Anthony Lake of UNICEF and Tachi Yamada of the Gates Foundation will have arrived in Angola by this weekend and support the Angolan government in its efforts to eradicate polio. Angola has been certified polio-free for its third year in 2004, but faced an outbreak of 32 cases of poliomyelitis in Luanda in 2010. This is a major setback in trying to interrupt the transmission of polio around the world, especially because 1 case of poliomyelitis indicates that there are at least 200 others who are infected with no symptoms. UNICEF and the Gates Foundation hope to interrupt transmission of polio by vast immunization coverage throughout the country and also aim to restructure the public health system of Angola.

The last case of poliomyelitis reported was on December 23rd, 2010. So it has been an entire month that the world has not seen a polio case.... Although it is depressing to say this, polio is probably still around.


Sex, Race, and Geography Influence Health Outcomes Following Primary HIV Infection

Women, nonwhites, and people in the southern United States who were newly infected with HIV and followed for an average of four years experienced greater HIV/AIDS-related morbidity compared to men and people of other races living in other regions of the country.The findings, published in the February 15 issue of The Journal of Infectious Diseases, underscore the urgent need to improve the health of these populations in order to reduce HIV-related morbidity and mortality in the U.S.

During the course of the study (1997-2007), the frequency of HIV-related illnesses in women was more than double that of men, with nonwhite women having the most negative outcomes. After eight years of infection, HIV-related events affected 64 percent of nonwhite women, and AIDS-defining events occurred in 22 percent of nonwhite women. In comparison, HIV-related and AIDS-defining events occurred in 21 percent and 6 percent of individuals in other combined race and sex groups, respectively.
The data representing subjects from the southern U.S. show that race and region play a major role in health outcomes of both women and men infected with HIV. Eight years following their diagnosis, 78 percent of nonwhites and 37 percent of whites in the southern U.S. had experienced one or more HIV/AIDS-related event, compared to 17 percent of nonwhites and 24 percent of whites in other geographic locations.
The authors hypothesized that the disparities could be attributed to the influence of socioeconomic factors, including "access to health care, health behaviors, lifestyle, and environmental exposures." Delayed therapy may be one factor affecting increased morbidity in HIV-infected individuals living in the South; however, socioeconomic factors probably also play a role. 
It was concluded that "understanding the causes of poor health outcomes among HIV-infected women, nonwhites and people from the South is a critical first step. In addition, development of strategies or interventions to improve health outcomes in these populations is essential."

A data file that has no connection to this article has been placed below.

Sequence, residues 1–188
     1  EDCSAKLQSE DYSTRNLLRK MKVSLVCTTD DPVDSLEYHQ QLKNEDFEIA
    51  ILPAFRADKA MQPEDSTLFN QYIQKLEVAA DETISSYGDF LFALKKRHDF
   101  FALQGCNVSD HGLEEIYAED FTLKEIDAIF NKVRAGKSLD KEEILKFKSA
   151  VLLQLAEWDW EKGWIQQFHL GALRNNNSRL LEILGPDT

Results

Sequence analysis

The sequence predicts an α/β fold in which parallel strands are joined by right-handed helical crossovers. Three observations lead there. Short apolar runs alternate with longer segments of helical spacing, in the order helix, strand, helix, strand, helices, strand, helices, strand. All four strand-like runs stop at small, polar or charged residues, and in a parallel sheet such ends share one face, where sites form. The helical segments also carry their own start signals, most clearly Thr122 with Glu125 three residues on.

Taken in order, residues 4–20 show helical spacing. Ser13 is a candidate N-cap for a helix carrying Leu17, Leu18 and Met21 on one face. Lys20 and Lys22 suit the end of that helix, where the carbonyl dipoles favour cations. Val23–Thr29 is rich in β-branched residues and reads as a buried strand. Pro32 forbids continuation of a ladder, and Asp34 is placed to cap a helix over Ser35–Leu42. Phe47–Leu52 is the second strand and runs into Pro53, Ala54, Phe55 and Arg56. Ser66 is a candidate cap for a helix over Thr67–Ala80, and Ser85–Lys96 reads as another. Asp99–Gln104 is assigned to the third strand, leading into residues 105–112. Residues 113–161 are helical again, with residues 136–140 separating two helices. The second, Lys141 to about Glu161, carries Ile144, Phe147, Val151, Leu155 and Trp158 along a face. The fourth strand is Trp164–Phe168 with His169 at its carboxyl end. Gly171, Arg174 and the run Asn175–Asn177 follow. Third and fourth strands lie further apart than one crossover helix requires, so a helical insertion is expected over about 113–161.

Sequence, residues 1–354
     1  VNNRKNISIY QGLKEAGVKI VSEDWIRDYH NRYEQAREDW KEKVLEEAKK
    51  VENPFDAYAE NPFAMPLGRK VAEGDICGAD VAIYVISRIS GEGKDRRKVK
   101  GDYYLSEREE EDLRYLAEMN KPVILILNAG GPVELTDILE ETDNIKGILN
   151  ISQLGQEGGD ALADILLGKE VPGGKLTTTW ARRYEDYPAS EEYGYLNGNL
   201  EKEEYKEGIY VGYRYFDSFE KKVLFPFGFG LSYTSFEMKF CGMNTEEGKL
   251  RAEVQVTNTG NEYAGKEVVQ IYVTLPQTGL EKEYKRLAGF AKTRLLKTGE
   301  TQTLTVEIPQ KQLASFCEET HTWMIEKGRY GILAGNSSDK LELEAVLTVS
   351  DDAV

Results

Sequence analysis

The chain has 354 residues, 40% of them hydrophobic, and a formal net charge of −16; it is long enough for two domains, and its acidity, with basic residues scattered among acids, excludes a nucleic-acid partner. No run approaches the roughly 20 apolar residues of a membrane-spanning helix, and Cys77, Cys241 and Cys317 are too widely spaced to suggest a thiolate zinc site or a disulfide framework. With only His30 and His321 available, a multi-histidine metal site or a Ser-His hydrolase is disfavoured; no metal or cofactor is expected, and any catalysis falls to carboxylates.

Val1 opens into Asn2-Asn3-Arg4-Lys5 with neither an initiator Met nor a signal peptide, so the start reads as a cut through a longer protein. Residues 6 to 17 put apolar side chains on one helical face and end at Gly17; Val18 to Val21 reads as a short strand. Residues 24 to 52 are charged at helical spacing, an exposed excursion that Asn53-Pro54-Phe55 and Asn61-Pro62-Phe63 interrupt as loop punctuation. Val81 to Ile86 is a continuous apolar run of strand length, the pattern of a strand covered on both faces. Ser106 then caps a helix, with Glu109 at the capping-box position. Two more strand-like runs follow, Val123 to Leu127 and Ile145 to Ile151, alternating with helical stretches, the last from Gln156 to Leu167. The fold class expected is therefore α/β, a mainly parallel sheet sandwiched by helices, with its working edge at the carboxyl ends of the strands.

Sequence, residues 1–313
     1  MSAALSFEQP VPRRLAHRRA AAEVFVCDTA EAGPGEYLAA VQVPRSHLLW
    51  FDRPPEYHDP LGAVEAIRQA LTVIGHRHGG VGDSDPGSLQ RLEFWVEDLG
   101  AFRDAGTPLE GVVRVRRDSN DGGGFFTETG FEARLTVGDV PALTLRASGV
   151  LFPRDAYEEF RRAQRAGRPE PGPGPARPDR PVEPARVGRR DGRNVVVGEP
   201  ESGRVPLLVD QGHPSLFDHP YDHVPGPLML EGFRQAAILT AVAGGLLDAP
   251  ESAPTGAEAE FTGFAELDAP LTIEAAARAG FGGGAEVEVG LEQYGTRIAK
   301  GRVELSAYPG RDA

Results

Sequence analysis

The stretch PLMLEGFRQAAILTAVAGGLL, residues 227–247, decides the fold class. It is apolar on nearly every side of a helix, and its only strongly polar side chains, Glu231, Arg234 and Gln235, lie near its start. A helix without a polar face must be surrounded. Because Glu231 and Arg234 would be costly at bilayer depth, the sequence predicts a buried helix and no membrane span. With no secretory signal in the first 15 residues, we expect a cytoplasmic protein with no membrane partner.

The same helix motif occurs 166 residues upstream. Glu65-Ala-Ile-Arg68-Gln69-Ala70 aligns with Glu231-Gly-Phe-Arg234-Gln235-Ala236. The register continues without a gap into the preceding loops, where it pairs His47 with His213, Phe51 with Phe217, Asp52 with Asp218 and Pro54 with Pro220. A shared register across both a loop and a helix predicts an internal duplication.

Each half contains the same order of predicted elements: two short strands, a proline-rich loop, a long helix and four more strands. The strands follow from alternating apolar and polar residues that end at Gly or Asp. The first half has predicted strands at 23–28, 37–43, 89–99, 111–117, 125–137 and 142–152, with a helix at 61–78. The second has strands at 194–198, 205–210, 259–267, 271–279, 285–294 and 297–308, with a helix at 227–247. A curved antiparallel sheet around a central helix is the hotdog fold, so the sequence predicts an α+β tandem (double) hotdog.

Full Article:
-Catalina Angel

AIDS Virus Changes in Semen Make It Different Than in Blood

HIV-1 may undergo changes in the genital tract that make it different in semen than in blood, according to a study led by researchers from UNC Chapel Hill. The new findings are significant because the nature of the virus in the male genital tract is of central importantce to understanding the transmission process and the selective pressures that may impact the transmitted virus.

In the study, viral populations from blood and semen samples collected from 16 men with chronic HIV infection were compared. Using single genome sequencing, they analyzed the gene coding for the major surface protein of the virus in the samples. The results?

"The sequence differences between the blood and the semen were like a flashing red light, it was a big hint about the biology of virus in the seminal tract" said Swanstrom. "When we looked at sequences in the blood, we hardly found any that were the same, it was a very complex and diverse population. But when we looked in the semen, suddenly we were getting the same sequence over and over again."

They found two mechanisms that significantly altered the viral population in the semen, called clonal amplification and compartmentalization. In the former, one to several viruses are rapidly expanded over a short period of time such that the viral population is relatively homogeneous (compared to complex population in the blood). In the latter, the virus replicates in T cells in the seminal tract over a long period of time, creating a separate population of virus that is both complex and distinct from the virus in the blood.

Full article:

-Catalina Angel

Mosquito Saliva Enhances West Nile Virus Infection?

University of Albany researchers, Linda Styer and colleagues have recently provided evidence that saliva from a common West Nile virus vector, Culex tarsalis, enhances West Nile virus (WNV) infection in mice.   In order to characterize transmission, they assessed WNV in a mouse model.  Mice were inoculated with WNV via mosquito and needle and physiological observations were made. In mosquito-bitten mice, they noted a higher degree of early viremia, elevated spread to peripheral tissues, and faster neuroinvasion than the needle-inoculated mice. As the researchers note, this is the first paper that examines the differences in transmission in WNV between one infected mosquito and inoculation by needle.